Your dog may be flawless and always listens to your commands. Your dog may be perfectly trained and would never move without your permission. Your dog may be friendly and love all of God’s creatures, humans and animals alike.
You must still keep your dog on its leash.
It’s The Law.
Keeping your dog on a leash is a legal requirement as stated in the Los Angeles Municipal Code Section 53.06.2. You must keep your dog leashed any time your dog is off your property.
The same law applies in most municipal codes.
Funnily enough, many people overlook this reason and let their dogs off the leash in public anyway. That may be because the law differs in different jurisdictions. Know the law in your area and keep your dog leashed.
The law specifies various details about the leash. For example, leash length. Legally, the leash must adhere to a certain length limit to be considered a “leashed dog.”
In most California jurisdictions, the leash length requirement is no longer than six feet.
Some jurisdictions don’t have a limit on specific length of a leash. Some have longer leash length. In Long Beach, for example, leash law requires the leash to be no longer than eight feet in length.)
If you are using a retractable leash, it cannot stretch longer than the leash length requirement. So, you cannot use a 10-foot retractable leash even if you keep it at 6 feet long.
Your dog must be kept on a leash anytime it is off your property.
Many communities also have designated areas where dogs are permitted off leash. Dog parks, for example, provide citizens with a place to let their dogs run free and socialize with each other.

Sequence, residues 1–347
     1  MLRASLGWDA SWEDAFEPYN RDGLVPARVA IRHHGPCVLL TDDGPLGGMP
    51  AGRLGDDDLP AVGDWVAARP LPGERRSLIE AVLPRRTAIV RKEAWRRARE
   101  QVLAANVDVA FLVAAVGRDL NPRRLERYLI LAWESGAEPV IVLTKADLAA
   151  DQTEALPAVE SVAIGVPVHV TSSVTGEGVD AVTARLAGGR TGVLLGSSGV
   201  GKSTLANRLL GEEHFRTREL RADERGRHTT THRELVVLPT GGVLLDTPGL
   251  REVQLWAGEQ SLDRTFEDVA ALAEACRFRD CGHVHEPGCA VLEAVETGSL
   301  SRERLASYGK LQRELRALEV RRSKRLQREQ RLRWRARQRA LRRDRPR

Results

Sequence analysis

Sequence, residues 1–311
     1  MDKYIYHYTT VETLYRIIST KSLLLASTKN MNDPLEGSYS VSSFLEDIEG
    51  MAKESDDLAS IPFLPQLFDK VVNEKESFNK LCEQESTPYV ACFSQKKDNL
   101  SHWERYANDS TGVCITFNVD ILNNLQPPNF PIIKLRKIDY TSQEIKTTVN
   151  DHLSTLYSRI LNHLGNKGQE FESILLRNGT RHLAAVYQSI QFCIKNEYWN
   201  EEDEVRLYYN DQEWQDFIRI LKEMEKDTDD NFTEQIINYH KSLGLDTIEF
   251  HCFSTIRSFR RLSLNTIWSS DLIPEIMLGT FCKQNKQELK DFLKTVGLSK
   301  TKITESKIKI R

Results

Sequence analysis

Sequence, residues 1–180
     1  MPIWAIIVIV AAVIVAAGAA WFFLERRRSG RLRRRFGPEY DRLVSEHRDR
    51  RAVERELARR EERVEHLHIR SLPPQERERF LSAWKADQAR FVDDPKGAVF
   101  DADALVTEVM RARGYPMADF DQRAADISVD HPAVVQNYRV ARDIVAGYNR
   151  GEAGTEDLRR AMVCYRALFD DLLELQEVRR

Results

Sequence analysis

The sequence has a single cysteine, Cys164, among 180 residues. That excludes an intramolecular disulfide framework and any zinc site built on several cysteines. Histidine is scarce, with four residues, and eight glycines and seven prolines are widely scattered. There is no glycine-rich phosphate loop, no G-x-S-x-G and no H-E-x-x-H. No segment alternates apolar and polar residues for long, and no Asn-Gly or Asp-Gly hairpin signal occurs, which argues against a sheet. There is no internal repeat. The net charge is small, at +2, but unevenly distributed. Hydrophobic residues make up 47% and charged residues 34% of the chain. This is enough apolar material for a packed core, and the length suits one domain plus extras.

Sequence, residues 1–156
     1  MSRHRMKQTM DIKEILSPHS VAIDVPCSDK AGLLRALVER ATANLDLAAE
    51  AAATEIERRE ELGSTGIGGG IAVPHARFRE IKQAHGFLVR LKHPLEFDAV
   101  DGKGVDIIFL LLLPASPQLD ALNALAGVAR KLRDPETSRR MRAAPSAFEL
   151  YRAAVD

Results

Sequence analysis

There are some ordinances that will make an exception for dogs who are under voice control by their owners. These jurisdictions work on the assumption that responsible pet owners will be able to use verbal commands to stop their dogs from misbehaving in public. Other areas waive dog leash laws if the dog is in a training program or has already completed obedience school. (Livermore and Sacramento leashing laws.)
Los Angeles does not waive leash laws for dogs whose owners have voice control over them.
The penalties for failing to follow dog leash laws vary just as widely as the laws themselves. In Los Angeles County, police and animal control officers can issue citations to owners of dogs “at large.” Owners must appear in court and may be charged with a fine. The first offense will cost $100, the second will be $250 and the third will be $500.
To Keep Your Dog Safe.
Dogs that are under control are less likely to engage in something harmful, either to themselves or others.
An off-leash dog can eat something it shouldn’t, drink polluted water, or encounter some harmful chemical another way. (Something that was sprayed on the grass, for example.) An unleashed dog can get into a dangerous situation with automobiles, people riding bicycles, broken glass, discarded, rancid food or a sick or rabid wild animal. A dog that’s roaming free can get sprayed by a skunk, encounter a porcupine or a rattlesnake, or get injured chasing some wildlife.
A dog off a leash is not easily monitored. Dogs can become hypothermic when in cold water and run the risk of an accidental drowning. When summer temperatures get very hot, dogs can get heat stroke or heat exhaustion, both of which can result in serious injury and in rare cases can be fatal.
A visit to an emergency pet hospital can be expensive even if it is only an easily treatable bacterial infection from surface water.
It’s even more expensive and heartbreaking if an encounter causes severe illness or even death to the dog- that could have been prevented. So please leash your dog.